Sometimes, on mornings like this when darkness still wraps the world outside my window in its embrace and ice glistens on the river’s surface, and the world continues to hold its breath beneath Covid’s thrall, I wonder… when will it end?
When will booking a flight to somewhere far away in the world, or just to Vancouver to visit my grandchildren, not come burdened with vaccination passports and endless thoughts of should I or shouldn’t I as I weigh the risks and calculate the cost of travelling on my life and the lives of my beloveds?
When will the simple act of going to the grocery store not include wearing a mask, sanitizing my hands at every turn and worrisome thoughts of… What if I get it?
When will it be okay to hug again, or hold hands or sit side-by-side on a park bench or in a restaurant without measuring the distance between us to ensure we’re safe?
And then, I think about the boys and men who went off to war decades ago unsure of when or if they’d make it home and the mothers and children and grandparents and those who had to stay behind. Did they wonder every day, “When will it end?” Did they have doubts and fears that would not lay quiet in the night? Did they worry would they be safe going out the door if they were not close to a bomb shelter? What about their children at school and so far from their loving arms when air raid sirens blasted? Did they worry every day about their loved ones somewhere far away fighting a war so they could be free? Did they wonder when Year 3 started, “Will this be the last year of this war gripping the world in its terror? When will it end?”
And then, I think about the wars that are still being fought today and the millions and millions of refugees uprooted by guns and natural disasters who sit in crowded tents and live in crowded quarters where Covid is not the only risk they face every moment of every day. And how they must worry every single moment about food to eat, a safe place to sleep and wonder, “When will it ever end?” as they go about their days yearning for peace and safety, worrying and wondering about when they will ever have a home to call their own again. Worrying and wondering which country in this world will accept them so that they can build better lives for their children. When will it end?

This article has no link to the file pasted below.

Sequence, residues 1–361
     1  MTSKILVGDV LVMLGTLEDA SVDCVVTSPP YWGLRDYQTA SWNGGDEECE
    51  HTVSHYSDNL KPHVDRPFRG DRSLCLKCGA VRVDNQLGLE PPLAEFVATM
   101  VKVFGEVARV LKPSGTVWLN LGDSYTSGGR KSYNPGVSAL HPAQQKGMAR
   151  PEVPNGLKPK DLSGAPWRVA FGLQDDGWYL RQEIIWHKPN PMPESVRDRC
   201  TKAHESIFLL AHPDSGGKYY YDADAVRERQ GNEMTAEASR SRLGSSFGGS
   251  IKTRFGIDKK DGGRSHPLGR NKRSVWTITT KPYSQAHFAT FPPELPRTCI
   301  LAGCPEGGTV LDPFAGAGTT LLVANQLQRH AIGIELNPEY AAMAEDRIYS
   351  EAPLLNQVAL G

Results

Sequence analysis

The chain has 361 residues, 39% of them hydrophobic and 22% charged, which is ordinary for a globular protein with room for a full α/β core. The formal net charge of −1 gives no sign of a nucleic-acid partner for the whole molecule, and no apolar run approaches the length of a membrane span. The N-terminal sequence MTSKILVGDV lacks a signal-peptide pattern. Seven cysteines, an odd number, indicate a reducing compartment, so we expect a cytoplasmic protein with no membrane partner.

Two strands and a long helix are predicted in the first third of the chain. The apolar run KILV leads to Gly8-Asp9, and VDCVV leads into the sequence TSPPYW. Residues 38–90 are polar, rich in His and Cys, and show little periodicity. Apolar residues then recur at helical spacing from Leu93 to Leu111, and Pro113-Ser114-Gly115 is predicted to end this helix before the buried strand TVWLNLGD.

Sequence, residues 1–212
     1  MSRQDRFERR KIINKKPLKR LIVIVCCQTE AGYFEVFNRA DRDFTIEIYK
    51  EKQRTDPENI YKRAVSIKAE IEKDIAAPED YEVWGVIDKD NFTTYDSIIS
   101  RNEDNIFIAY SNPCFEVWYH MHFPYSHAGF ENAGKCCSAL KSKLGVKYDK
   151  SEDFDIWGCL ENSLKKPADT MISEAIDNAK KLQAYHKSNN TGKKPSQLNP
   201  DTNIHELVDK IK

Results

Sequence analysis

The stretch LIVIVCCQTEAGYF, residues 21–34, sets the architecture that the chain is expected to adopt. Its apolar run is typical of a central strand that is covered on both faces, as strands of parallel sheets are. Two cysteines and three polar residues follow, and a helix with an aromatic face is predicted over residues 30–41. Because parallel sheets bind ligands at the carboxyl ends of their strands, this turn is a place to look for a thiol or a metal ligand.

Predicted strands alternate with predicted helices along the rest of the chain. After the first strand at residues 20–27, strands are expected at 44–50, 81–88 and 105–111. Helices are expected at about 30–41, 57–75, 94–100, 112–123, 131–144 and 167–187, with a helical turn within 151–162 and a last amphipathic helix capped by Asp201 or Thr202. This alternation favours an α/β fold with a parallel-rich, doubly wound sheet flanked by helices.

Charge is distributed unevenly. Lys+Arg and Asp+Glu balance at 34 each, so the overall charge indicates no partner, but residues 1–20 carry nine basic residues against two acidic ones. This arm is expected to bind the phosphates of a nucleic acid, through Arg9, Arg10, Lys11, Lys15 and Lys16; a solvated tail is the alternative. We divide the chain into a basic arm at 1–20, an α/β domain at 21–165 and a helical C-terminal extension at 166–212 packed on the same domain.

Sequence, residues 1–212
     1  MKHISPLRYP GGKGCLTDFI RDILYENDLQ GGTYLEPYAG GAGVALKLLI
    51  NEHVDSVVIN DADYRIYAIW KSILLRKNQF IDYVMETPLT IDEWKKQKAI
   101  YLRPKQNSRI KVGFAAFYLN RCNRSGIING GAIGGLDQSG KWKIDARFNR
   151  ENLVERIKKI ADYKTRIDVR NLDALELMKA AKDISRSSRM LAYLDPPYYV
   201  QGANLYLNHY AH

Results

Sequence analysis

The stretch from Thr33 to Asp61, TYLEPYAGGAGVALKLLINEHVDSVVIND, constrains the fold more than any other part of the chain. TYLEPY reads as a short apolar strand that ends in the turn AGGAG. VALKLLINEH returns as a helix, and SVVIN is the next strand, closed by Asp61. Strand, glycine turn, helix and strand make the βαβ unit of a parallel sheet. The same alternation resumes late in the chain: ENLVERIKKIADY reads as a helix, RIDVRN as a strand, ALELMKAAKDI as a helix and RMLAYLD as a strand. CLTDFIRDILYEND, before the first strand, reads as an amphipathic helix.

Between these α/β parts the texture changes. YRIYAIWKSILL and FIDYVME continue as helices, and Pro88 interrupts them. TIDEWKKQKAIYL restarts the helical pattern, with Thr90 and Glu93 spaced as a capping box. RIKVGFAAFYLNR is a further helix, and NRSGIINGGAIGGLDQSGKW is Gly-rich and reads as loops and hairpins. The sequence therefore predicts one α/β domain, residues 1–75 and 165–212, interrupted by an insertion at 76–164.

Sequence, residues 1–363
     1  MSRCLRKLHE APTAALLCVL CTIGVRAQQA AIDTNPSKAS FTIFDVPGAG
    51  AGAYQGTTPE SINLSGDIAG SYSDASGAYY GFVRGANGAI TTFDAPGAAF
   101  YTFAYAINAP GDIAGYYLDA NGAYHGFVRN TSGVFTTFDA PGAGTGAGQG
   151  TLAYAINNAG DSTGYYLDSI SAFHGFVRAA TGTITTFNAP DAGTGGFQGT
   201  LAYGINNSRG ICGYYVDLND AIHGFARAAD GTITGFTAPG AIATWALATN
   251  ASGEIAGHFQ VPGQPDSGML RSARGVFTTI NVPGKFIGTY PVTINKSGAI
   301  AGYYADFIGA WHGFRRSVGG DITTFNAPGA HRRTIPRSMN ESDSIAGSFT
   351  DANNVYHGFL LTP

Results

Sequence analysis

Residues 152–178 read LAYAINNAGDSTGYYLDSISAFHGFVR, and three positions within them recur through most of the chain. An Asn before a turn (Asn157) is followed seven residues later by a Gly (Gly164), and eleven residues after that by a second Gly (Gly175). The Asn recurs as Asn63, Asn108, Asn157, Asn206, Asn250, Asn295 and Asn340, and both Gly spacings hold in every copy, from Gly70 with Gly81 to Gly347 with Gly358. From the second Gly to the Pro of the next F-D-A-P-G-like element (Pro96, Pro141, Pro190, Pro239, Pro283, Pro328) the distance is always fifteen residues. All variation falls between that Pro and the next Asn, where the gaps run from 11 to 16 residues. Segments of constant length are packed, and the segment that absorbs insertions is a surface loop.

And then, I think about this freedom I have where I can choose to wear what I want, speak how I want, disagree with government and not be jailed, or killed for my impertinence. This freedom I possess to be myself, to worship or pray or send blessings into the sky or sit at a pew of my choice, to walk the streets without needing a man to accompany me or having to walk a step behind, to drive a car even though I’m a woman, to enter establishments of education, justice, government or places of worship without being barred because of my gender, this freedom… not even Covid can deny me that.
Billions of people around the world do not share in the freedoms I possess.
If killing Covid means I must get a jab or two, and wear a mask and take into account how close I stand to a stranger, then I will do it. It’s good for me and good for you and good for those billions of people around the world who do not share in the freedoms I possess. At least if I take care of my world here now, we all might have a chance to live without Covid in our midst tomorrow and one day, one year, one millennium in the future, we might all walk in freedom, peace and love.